The necessity of people analytics

The new world of work has thrust organizations from every industry into a competitive landscape that forces them to do or die. One technology area whose adoption can mean the difference between long-term success or outright failure is deep analytics. Big data is no longer just for marketing or R&D; analytics are applied to improving outcomes and raising the bar in every area of business, including human resources. Research by Accenture shows that 62% of companies use new technologies and sources of workforce data regularly.

As artificial intelligence (AI) gains traction, new tech developments enable business leaders to better understand their people. Companies of all sizes are implementing people analytics and seeing better outcomes as a result. Analyzing data on employee relationships offers insights into the organization’s network dynamics and drives strategies that impact growth. 

Recent and upcoming innovations include performance management and analytics tools to help organizations deliver real-time data to managers about employee sentiment, performance management, goal attainment, and ongoing development.

What is people analytics, and does it differ from HR analytics and workforce analytics?

People analytics is often used interchangeably with HR analytics and workforce analytics, but there are slight distinctions, as shown below:

People analytics is a data-driven and goal-focused method of studying people processes, functions, and challenges at work. Rather than solely relying on instinct or anecdotal experience, people analytics provides HR leaders with comprehensive data to make evidence-based, strategic decisions. 

HR analytics are concerned with the metrics of the HR function such as time to hire, time to fill, turnover rate, and absenteeism rate.

Meanwhile, workforce analytics is an all-encompassing term, referring to the organization’s employees. Workforce analytics measure employee engagement, examine current trends, and analyze organizational structure.

What is ONA?

Organizational Network Analysis (ONA) is a methodology for understanding relationships and collaboration patterns among employees. It often reveals a structure that differs significantly from the organization’s formal or intended structure. ONA provides organizations with a new lens to evaluate their people, highlighting key individuals who might otherwise be overlooked.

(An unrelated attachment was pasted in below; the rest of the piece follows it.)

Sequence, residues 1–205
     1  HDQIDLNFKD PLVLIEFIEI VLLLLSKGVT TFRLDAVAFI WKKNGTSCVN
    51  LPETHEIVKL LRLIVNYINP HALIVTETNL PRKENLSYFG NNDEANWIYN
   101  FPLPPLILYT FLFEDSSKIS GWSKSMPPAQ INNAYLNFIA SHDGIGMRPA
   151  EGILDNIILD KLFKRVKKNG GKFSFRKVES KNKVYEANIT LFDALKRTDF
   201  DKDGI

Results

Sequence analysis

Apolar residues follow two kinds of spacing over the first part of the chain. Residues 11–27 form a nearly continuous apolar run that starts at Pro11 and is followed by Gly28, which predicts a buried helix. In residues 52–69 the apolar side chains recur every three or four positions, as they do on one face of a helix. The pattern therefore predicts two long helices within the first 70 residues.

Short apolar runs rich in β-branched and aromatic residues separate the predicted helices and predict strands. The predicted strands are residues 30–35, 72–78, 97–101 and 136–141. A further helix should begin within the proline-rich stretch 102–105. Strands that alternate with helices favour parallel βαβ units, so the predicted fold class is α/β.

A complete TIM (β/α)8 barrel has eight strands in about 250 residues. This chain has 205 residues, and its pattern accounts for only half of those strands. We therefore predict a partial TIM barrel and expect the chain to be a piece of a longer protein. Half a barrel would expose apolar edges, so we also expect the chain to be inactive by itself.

Benefits of people analytics

Today’s CEOs are seeking ways to build a company culture that breeds success. As org charts flatten and traditional hierarchies are replaced by agile teams, people analytics offer much needed insights about employee behavior, skills, engagement, teams, networks, collaboration, and how work really gets done.

Insights like these can enhance productivity, drive performance, and unlock innovation. They are as beneficial to employees as to business leaders, who apply this data to improve the employee experience.

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Analytics for current decision making

1. Optimize people management

Finding qualified candidates is difficult, and retention is even harder. Using people analytics to leverage data about your employees will provide insights into your best and worst performers. It can factor in work experience, duration of employment, and who they report to. When a common thread emerges from the data, this can drive managers to reward these employees, motivating their progress internally.